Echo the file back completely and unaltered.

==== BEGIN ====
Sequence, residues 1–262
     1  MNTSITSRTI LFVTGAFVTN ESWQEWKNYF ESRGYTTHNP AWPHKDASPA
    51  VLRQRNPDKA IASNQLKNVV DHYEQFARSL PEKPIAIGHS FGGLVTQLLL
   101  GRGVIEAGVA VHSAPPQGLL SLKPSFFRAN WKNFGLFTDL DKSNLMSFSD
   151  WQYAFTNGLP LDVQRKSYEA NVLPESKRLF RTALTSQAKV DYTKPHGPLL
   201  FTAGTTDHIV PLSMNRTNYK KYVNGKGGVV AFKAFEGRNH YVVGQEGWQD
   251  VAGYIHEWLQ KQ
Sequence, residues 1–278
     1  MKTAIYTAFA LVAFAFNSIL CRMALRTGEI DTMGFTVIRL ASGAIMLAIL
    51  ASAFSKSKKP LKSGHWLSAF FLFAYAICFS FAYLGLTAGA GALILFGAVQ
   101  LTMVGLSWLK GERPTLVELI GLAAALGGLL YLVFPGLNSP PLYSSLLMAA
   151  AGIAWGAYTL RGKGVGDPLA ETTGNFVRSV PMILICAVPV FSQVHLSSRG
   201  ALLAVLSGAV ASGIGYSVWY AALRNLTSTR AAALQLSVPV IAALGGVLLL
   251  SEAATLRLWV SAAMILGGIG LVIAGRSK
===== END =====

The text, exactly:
Sequence, residues 1–262
     1  MNTSITSRTI LFVTGAFVTN ESWQEWKNYF ESRGYTTHNP AWPHKDASPA
    51  VLRQRNPDKA IASNQLKNVV DHYEQFARSL PEKPIAIGHS FGGLVTQLLL
   101  GRGVIEAGVA VHSAPPQGLL SLKPSFFRAN WKNFGLFTDL DKSNLMSFSD
   151  WQYAFTNGLP LDVQRKSYEA NVLPESKRLF RTALTSQAKV DYTKPHGPLL
   201  FTAGTTDHIV PLSMNRTNYK KYVNGKGGVV AFKAFEGRNH YVVGQEGWQD
   251  VAGYIHEWLQ KQ
Sequence, residues 1–278
     1  MKTAIYTAFA LVAFAFNSIL CRMALRTGEI DTMGFTVIRL ASGAIMLAIL
    51  ASAFSKSKKP LKSGHWLSAF FLFAYAICFS FAYLGLTAGA GALILFGAVQ
   101  LTMVGLSWLK GERPTLVELI GLAAALGGLL YLVFPGLNSP PLYSSLLMAA
   151  AGIAWGAYTL RGKGVGDPLA ETTGNFVRSV PMILICAVPV FSQVHLSSRG
   201  ALLAVLSGAV ASGIGYSVWY AALRNLTSTR AAALQLSVPV IAALGGVLLL
   251  SEAATLRLWV SAAMILGGIG LVIAGRSK